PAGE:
Ever wondered what people mean when they say things like “I can see a chess tactic there” and “the fastest way to improve is to practise your chess tactics”?
We’ve put together this quick guide to explain in simple terms what we mean by a tactic in chess – because it is a question we get asked a lot.
Basically, a chess tactic is a sequence of moves that limits the opponent’s options and can result in an immediate benefit like a capture or a checkmate.
More often than not, these are the little patterns that decide games and if you’ve been playing the game you have probably been using them whether you were aware of it or not. Think of them like punch combinations in boxing, or as a set-play in a football game – if you get the opportunity to play one, and you’re sure it will work, do it!
Chess tactics are the fundamental building blocks of the game and if you want to improve they are definitely worth looking further into because if you can spot a successful tactic can blow away your opponent in just a few moves.
Magnus Carlsen’s famous Qh6 chess tactic
Sometimes chess tactics can be breathtaking in their power and beauty. For example, this famous winning move that Magnus Carlsen played to retain his World Chess Championship against Sergey Karjakin in 2016:
After Carlsen’s spectacular 50.Qh6+, Karjakin resigned here. Can you see why?
It is worth noting that there is a difference in chess terms between tactics and strategy. Sometimes, very subtle tactics can end in a result less tangible, like a positional advantage – this we call chess strategy.
Back to tactics. There are many different types of tactics and learning them will make a huge difference to your game. You begin to recognise the common patterns that crop up, and take advantage of them.
So, without further ado, here are a few examples (all taken from GM Susan Polgar’s brilliant Learn Chess the Right Way course). Can you solve them?
What does it mean to be pinned in chess?
A pin is an extremely powerful tactical tool, aimed to restrict the mobility of an enemy piece.
In a pin, pieces are always lined up, potentially on a file, rank or diagonal. There are two types, absolute pins and relative pins. Only the queen, rooks or bishops are able to create a pin.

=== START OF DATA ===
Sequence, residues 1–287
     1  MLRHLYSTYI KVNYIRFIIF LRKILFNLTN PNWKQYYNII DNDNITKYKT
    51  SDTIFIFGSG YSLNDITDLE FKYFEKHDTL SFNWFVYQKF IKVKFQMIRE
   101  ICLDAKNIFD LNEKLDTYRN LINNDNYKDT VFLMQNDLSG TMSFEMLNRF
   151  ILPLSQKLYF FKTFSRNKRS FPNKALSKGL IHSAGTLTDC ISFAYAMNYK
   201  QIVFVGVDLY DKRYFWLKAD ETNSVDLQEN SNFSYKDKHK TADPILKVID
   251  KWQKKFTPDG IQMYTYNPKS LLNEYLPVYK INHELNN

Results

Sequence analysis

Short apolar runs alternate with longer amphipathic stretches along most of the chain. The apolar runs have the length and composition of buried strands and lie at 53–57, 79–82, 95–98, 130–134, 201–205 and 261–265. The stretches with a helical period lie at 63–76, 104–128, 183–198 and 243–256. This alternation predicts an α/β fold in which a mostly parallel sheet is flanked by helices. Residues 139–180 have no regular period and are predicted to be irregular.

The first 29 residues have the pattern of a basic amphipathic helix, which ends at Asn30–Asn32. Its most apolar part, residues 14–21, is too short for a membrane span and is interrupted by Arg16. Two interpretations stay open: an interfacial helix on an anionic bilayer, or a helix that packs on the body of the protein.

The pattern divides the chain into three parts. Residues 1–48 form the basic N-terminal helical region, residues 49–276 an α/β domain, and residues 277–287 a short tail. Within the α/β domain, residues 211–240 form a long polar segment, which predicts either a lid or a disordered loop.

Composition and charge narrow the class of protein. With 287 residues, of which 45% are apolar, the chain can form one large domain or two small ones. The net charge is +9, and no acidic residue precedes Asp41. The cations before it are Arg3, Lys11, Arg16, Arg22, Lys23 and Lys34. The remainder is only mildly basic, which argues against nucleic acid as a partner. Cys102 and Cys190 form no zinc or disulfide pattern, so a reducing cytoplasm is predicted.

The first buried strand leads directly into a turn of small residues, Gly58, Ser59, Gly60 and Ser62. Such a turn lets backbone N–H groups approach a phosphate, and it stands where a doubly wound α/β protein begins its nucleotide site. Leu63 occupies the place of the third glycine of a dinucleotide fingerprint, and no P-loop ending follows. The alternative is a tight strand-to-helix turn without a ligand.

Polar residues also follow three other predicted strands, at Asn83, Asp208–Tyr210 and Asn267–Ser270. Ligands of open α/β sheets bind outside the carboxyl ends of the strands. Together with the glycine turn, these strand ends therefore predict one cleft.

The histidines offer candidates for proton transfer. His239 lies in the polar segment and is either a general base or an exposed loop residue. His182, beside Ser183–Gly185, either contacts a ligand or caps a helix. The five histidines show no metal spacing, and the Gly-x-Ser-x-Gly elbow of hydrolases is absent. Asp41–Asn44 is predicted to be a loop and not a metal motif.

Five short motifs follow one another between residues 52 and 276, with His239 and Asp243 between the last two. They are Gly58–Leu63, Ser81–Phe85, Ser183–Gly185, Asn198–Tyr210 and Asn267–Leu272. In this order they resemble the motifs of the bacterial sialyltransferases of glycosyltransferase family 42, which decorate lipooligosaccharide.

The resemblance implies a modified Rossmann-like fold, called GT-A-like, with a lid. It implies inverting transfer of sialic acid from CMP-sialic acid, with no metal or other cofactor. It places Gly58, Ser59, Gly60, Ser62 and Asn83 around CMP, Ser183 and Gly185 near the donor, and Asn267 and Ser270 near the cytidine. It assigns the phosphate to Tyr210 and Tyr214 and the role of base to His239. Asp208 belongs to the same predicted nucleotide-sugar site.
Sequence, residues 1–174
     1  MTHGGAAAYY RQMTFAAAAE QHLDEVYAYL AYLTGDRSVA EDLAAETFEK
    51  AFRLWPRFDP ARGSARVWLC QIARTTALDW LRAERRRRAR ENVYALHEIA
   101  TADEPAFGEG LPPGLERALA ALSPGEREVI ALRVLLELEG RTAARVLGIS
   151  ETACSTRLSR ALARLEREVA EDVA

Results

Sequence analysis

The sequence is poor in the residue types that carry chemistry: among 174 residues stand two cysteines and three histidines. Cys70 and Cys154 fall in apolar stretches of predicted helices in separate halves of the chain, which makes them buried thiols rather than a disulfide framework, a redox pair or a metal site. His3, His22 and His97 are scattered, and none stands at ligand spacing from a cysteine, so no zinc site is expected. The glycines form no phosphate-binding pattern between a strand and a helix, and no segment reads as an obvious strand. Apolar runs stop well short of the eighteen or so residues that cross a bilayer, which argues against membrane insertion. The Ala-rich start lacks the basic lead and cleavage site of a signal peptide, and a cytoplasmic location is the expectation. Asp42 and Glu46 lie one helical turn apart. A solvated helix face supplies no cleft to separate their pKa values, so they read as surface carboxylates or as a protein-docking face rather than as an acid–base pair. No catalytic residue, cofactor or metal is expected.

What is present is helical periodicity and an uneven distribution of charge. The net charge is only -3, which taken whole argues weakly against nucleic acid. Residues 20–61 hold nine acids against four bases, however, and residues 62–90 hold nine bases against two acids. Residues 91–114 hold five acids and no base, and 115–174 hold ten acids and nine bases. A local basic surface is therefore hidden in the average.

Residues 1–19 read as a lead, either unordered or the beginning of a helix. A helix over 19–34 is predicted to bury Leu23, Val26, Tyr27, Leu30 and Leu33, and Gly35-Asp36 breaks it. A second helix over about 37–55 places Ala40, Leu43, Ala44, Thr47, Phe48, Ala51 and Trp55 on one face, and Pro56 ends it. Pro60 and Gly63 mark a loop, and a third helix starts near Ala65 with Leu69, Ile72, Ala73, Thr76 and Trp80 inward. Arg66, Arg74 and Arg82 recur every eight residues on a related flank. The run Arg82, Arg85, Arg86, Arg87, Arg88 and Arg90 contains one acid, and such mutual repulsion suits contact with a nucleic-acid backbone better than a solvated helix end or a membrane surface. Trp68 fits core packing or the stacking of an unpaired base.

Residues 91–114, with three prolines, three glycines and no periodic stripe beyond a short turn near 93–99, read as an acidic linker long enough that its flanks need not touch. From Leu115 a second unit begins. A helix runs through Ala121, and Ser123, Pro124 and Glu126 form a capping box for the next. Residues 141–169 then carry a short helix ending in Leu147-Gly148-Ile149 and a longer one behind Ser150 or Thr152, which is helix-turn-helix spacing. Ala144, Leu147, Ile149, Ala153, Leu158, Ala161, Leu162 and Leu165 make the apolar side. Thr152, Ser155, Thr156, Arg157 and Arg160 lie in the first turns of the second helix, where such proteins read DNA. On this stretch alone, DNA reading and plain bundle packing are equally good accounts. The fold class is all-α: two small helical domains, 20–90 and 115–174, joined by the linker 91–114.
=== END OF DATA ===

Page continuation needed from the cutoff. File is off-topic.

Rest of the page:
In this example, the pinned piece is the pawn on d4. White can win a rook by capturing with…
1.♕xe3 Whether or not Black recaptures with 1… dxe3, allowing 2. Bxf6, White will be a rook up.
What is a skewer in chess?
Just like with pins, the pieces which are involved in this nasty chess tactic are always lined up on the same file, rank or diagonal; only queens, rooks or bishops are capable of making a “skewer”.
You can have two types of skewers, one where you check the enemy king and others where you attack a valuable piece and “x-ray” the piece behind it.
In this position, we can see Black’s king and rook lined up on the same diagonal. Given that White has a light-square bishop, this is a red flag. White can play 1. ♗g2+ creating a skewer. After Black moves the king to a7 or b8, White captures the rook on a8, winning at least an exchange. Blocking the check with ♘e4 or ♘d5 would make things just worse, as the White bishop can capture the knight with a check, renewing the same skewer idea of a move earlier.
What is a Zugswang in chess?
Now we’re getting onto some interesting concepts. Zugzwang (German for ‘compulsion to move’) is a situation found in chess and other games wherein one player is put at a disadvantage because they must make a move when they would prefer to pass and not move.
The fact that the player is compelled to move means that their position will become significantly weaker. A player is said to be ‘in zugzwang’ when any possible move will worsen their position.
Here is a very basic example:
After Black plays: 1… c2 if White could say ‘I pass’, Black could not make progress to win.However, as White is in zugzwang …♔b2 …must be played. Allowing 2… ♔d2 followed by the promotion of the c2-pawn.
What are the different types of chess tactic?
- There are thousands of chess tactics that occur in different positions on the board but most are based around these simple themes:
|Skewer||Removal of the Defender|
|Mate in One||Trapped Piece|
|Mate in Two||Underpromotion|
|Mate in Three||Double Check|
|Mating Net||Perpetual Check|
Master these patterns above and you will be instantly improve your chess. Why? Because as we said above they’re the fundamental building blocks of the game.
Where can I learn more about chess tactics?
There’s a lot to learn but it can be easy, fun and bring you real, immediate results.
We recommend GM Susan Polgar’s Learn Chess the Right Way series, from which the examples above are taken.
Put together, all five books give a comprehensive grounding in everything you need to know to take the next step. They are a structured, thorough and extremely well thought out course that is both fun and informative.
If you’re after something more advanced we’ve got plenty of good chess tactics courses in our book store here.
- Can Fabiano Caruana beat Magnus Carlsen? We asked 7 chess masters - 8th October 2018
- 7 great places to play chess in London - 5th October 2018
- Chess Olympiad 2018: The stars that won’t battle in Batumi - 24th August 2018
- 7 special chess rules you may not know - 23rd August 2018
- We’ve just made some big improvements you will LOVE - 13th August 2018
- Why The College, Holborn, is the perfect 2018 World Chess Championship venue - 1st August 2018
- What are chess tactics? A quick guide for beginners - 24th July 2018
- Weird chess openings: The fishy 1.c4 b5 2.cxb a6! - 19th July 2018
- Breaking 3,350 on chess.com: How one Chessable member’s tactics rating hit incredible heights - 6th July 2018
- My plan to make it to IM, by Andrzej Krzywda - 21st June 2018